Sumo Logic scans your historical data to evaluate a baseline representing normal data rates. Then it focuses on just the last few minutes, and looks for log patterns whose rates are below or above their baseline. For example, if one of your applications is throwing more exceptions than expected, Sumo Logic will trigger an alert. Thanks to LogReduce, anomaly detection will work even if the log lines are not exactly identical (e.g. some json parameters change between exceptions).

Another nice feature of Sumo Logic’s anomaly detection is the ability to name and annotate anomalies. Once you annotate an anomaly, Sumo Logic will present your annotations whenever the anomaly occurs. This essentially allows you to turn unknown issues into known ones.

Take a look at this excellent webinar (55 minutes) for an in-depth overview of Sumo Logic’s anomaly detection.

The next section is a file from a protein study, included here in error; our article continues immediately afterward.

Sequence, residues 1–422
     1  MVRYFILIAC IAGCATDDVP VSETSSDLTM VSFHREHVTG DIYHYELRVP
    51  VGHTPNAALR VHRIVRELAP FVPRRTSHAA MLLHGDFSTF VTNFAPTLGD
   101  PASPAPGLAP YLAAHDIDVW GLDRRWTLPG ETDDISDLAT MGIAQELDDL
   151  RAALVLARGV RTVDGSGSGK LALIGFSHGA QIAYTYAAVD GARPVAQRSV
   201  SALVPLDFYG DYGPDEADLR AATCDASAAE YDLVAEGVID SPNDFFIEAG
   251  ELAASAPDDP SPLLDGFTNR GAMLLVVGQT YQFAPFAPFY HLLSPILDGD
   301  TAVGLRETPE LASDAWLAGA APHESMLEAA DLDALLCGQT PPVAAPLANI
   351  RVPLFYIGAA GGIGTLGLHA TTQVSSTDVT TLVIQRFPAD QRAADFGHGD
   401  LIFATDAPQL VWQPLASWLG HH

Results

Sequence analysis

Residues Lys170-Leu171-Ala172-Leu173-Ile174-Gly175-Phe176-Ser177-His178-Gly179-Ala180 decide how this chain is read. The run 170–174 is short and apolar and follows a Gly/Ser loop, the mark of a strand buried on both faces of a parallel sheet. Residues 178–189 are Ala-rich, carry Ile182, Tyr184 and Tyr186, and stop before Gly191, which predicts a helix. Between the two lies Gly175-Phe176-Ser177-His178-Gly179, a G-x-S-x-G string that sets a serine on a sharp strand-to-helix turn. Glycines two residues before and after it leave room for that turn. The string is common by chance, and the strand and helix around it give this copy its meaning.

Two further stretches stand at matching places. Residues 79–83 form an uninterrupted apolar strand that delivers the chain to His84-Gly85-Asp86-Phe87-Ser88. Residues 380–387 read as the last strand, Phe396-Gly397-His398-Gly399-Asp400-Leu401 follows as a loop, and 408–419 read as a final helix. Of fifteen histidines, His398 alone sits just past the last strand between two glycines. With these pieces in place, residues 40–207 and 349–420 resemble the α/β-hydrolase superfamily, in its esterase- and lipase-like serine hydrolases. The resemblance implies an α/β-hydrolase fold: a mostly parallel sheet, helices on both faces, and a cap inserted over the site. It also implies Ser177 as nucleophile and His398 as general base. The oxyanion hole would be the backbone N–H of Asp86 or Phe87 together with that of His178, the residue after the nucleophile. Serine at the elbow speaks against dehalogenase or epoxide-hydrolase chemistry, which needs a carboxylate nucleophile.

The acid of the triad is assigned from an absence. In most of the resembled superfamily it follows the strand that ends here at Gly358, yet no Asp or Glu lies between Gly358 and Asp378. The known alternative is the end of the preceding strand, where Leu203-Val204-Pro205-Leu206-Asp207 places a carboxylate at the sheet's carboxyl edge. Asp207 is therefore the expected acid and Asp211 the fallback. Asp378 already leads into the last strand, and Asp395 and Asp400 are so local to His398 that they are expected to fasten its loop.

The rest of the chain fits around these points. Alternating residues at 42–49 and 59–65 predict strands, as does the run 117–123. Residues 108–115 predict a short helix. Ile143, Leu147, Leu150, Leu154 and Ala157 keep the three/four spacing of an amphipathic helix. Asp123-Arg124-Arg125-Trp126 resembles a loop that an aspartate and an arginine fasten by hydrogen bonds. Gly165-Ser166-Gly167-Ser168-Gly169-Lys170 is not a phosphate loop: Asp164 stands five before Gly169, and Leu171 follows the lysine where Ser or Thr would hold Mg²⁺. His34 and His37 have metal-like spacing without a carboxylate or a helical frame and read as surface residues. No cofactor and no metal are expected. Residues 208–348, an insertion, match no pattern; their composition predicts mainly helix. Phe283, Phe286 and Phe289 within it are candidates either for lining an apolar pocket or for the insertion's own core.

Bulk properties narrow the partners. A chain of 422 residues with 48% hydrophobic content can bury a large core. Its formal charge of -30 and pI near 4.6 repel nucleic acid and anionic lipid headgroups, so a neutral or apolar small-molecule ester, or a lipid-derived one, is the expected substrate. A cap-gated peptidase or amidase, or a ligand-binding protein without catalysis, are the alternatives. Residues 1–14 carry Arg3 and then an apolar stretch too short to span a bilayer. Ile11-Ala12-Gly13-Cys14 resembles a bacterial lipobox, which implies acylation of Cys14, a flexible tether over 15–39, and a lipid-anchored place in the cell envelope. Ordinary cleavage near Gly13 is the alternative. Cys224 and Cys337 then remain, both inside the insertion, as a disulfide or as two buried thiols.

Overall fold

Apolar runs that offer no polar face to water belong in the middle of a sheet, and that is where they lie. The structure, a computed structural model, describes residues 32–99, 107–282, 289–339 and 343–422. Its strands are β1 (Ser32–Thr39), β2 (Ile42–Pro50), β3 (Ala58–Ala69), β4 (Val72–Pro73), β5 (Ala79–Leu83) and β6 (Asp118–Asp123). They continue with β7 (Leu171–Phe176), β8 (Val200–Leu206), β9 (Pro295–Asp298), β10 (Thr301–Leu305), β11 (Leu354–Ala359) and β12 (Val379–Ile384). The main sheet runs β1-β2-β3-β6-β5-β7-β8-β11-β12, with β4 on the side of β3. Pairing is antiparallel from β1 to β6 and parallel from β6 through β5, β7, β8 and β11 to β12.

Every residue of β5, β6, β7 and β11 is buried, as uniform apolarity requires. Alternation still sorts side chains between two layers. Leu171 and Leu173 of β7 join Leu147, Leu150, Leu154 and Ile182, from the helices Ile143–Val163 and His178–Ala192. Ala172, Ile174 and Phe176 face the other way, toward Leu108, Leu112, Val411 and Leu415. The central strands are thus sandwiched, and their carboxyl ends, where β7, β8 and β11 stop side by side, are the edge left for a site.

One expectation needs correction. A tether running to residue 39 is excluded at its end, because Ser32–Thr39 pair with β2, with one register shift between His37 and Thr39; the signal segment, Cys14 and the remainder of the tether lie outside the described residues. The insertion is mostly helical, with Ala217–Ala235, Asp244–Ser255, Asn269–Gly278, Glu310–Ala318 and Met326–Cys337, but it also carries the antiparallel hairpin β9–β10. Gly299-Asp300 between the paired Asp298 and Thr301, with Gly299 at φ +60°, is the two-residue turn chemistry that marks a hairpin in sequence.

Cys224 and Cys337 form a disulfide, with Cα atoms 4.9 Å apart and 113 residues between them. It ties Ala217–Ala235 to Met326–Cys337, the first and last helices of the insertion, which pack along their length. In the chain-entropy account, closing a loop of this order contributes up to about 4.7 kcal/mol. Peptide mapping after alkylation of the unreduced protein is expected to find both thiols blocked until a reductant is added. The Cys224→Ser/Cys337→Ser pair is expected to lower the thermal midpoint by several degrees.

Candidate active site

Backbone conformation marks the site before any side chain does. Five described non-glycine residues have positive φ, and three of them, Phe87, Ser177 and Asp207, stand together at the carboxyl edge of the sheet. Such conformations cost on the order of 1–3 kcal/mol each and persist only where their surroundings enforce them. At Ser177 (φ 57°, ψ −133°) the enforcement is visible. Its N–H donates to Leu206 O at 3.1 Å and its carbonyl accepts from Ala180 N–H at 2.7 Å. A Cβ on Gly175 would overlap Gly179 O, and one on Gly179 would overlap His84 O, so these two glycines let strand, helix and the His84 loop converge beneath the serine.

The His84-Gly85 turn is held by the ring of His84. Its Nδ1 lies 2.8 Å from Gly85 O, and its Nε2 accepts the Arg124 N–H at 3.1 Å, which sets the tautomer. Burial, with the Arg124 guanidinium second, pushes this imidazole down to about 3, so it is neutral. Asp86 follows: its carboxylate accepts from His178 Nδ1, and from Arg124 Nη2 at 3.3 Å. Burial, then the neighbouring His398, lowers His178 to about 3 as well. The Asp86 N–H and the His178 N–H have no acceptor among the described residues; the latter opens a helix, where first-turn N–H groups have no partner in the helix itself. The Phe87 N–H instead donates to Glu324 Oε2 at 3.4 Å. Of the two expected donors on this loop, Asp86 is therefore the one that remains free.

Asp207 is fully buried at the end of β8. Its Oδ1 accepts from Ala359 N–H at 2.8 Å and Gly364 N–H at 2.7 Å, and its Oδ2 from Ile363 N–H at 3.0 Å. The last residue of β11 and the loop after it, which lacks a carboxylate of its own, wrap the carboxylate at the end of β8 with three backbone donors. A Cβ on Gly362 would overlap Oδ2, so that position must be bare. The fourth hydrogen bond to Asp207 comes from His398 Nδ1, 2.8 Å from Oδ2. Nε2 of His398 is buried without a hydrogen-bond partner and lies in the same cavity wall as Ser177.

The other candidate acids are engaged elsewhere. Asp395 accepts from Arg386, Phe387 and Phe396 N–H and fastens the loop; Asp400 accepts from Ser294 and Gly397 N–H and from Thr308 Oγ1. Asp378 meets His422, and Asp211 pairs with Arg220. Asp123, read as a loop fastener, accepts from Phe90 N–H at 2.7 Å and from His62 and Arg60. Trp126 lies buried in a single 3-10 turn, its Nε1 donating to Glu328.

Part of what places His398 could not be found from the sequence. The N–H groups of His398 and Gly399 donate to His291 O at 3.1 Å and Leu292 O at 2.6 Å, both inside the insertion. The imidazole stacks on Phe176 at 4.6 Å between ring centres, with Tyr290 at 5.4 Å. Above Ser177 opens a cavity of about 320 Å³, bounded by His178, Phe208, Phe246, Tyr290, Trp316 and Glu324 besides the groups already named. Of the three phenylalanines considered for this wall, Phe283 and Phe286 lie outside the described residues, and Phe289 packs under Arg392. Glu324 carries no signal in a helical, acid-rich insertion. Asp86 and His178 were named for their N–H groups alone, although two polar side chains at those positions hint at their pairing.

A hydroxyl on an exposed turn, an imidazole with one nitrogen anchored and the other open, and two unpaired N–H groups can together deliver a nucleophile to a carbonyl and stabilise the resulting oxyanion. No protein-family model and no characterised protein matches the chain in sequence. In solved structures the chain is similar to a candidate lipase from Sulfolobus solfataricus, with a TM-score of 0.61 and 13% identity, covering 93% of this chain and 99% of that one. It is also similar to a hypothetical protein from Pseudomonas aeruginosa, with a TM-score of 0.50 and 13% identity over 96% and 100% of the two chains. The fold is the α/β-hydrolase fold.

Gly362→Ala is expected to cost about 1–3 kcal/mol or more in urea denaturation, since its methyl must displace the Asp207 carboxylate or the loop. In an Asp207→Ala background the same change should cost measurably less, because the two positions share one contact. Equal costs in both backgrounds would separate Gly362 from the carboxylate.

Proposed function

The Rundown:

  • Product: Sumo Logic
  • Pricing: Quote-based
  • Setup: SaaS (+ on-premise data collectors)
  • Ease of Installation: Average (you’ll need to deploy Sumo Logic’s full solution)
  • Main Datatype: Log lines

Sumo Logic Anomaly Detection

Grok by Numenta

Co-founded by Jeff Hawkins (author of the excellent book, On Intelligence), Numenta is a developer of bleeding-edge data-analysis solutions. In 2007, Numenta released NuPIC, a data prediction and anomaly detection library, leveraging algorithms modeled after human memory (now available as an open-source project). This year, Numenta released their first commercial offering, Grok for IT Analytics, an anomaly detection solution for AWS.